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Here’s What Happens If You Get Caught With Weed In Japan

For most American urbanites, the thought of Tokyo conjures up vivid imagery and curious emotions—the infinite LED lights, Harajuku style, delicious raw fish—you name it.

The Japanese cityscape provides all this, including the bright vices of sex, alcohol, and pop music to an often extreme degree.

What you will not easily find in Tokyo, however, is marijuana.

When I visited Japan for the first time last April to tour with my friend and Tokyo-bred DJ/multi-instrumentalist starRo, I immediately fell in love with the scene.

A few days in, with a Snapchat story full of street names I couldn’t pronounce, “Save the Last Dance”-inspired hip-hop clubs, and highball whiskeys, I realized something was missing.

Coming from California where marijuana is just short of growing in city park planters, I couldn’t help but wonder: Where were all the smokers?

We asked our resident tastemakers-turned-tour guides what was up. One of them, an affiliate of famed Jazzy Sport Music Shop we’ll call Tsuyoshi, said he had been arrested for about 1/2 a gram in a bag that fell out of his pants pocket in a 7-Eleven one early morning.

It wasn’t until he got home from the store that he noticed the weed was gone—a friend had passed it to him at a show the previous night. That afternoon, he returned to the convenience store to retrieve the lost bag. Police were there waiting for him.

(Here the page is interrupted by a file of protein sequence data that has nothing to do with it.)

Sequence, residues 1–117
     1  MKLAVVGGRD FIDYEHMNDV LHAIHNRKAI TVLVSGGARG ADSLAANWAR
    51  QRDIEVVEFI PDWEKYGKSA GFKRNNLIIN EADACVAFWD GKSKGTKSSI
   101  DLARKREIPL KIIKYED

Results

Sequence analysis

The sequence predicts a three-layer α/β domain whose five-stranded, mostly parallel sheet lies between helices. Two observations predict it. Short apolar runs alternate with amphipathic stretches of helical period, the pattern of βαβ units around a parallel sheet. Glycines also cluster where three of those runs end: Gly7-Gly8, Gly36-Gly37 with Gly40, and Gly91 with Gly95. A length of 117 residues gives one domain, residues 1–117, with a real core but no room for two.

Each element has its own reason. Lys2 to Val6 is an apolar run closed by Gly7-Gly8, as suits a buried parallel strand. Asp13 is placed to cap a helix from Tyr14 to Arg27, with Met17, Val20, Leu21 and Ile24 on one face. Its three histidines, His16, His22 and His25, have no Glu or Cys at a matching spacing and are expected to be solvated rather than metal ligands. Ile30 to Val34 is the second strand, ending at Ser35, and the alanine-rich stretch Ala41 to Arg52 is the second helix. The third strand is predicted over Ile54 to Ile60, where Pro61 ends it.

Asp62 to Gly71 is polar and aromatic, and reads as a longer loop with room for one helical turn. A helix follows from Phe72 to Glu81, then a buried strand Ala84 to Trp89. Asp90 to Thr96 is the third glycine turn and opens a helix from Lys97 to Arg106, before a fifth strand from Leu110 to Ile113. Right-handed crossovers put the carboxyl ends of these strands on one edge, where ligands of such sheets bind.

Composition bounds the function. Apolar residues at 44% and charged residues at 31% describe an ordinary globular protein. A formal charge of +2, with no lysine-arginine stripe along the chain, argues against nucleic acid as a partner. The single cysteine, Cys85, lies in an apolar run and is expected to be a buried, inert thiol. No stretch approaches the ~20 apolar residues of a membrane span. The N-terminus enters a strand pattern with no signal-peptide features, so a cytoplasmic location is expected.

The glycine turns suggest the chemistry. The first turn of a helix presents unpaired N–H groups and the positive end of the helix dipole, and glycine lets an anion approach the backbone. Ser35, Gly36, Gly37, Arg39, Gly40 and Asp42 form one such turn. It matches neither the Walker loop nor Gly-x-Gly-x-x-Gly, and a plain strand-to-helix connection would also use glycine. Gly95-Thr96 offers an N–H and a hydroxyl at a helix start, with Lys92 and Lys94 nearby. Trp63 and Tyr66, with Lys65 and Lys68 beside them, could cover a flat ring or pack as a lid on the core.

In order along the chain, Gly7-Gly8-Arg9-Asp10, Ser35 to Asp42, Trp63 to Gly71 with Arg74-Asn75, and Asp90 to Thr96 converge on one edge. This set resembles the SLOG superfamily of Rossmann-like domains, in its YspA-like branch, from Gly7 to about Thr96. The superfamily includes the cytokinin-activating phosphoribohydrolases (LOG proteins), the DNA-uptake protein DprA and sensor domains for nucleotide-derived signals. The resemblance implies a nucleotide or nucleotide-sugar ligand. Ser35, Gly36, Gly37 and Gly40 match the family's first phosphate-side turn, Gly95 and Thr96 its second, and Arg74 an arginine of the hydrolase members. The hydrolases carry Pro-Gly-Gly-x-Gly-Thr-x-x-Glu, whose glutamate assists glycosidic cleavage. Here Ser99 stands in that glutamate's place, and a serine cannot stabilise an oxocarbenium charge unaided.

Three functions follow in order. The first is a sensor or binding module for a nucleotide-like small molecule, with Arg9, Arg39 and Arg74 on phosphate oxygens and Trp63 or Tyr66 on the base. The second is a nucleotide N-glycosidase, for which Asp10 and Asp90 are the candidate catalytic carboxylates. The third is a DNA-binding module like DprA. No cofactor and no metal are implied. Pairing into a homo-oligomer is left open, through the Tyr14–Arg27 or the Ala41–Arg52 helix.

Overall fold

Apparently, the store cashier hadn’t hesitated to review the security camera footage and incriminated Tsuyoshi on the spot. Our friend stayed locked up for five days until he was released on bail.

A five-year sentence is the norm for similar charges.

If you’re looking to get high in Japan, the advice is simple: Throw your expectations out the window.

This specific story would be unlikely here in California. A cashier is more apt to smoke a found joint than report it. But Japan is different. It’s record-low crime rate coincides with a near 99 percent conviction rate.

This, coupled with the well-known societal pressures and stigma against arrest, deters the vast majority of the populace from the most mundane of missteps.

And when it comes to illicit substances, both Japanese law enforcement and the general public give weed the same harsh judgment as the country’s number one abused drug, speed (methamphetamine).

To add insult to injury, Tsuyoshi’s arrest made headlines: Media scrutiny followed him as he ponied up a public apology and put his rock band cro-magnon on an indefinite hiatus out of respect. The shame is real.

Talking to locals, I’ve found that Japan is much slower to progress on socio-political issues like the Cannabis Control Act than they are with technology and gaming. Traditions hold strong.

For each discussion surrounding marijuana regulation, there’s a parallel one happening around the corner.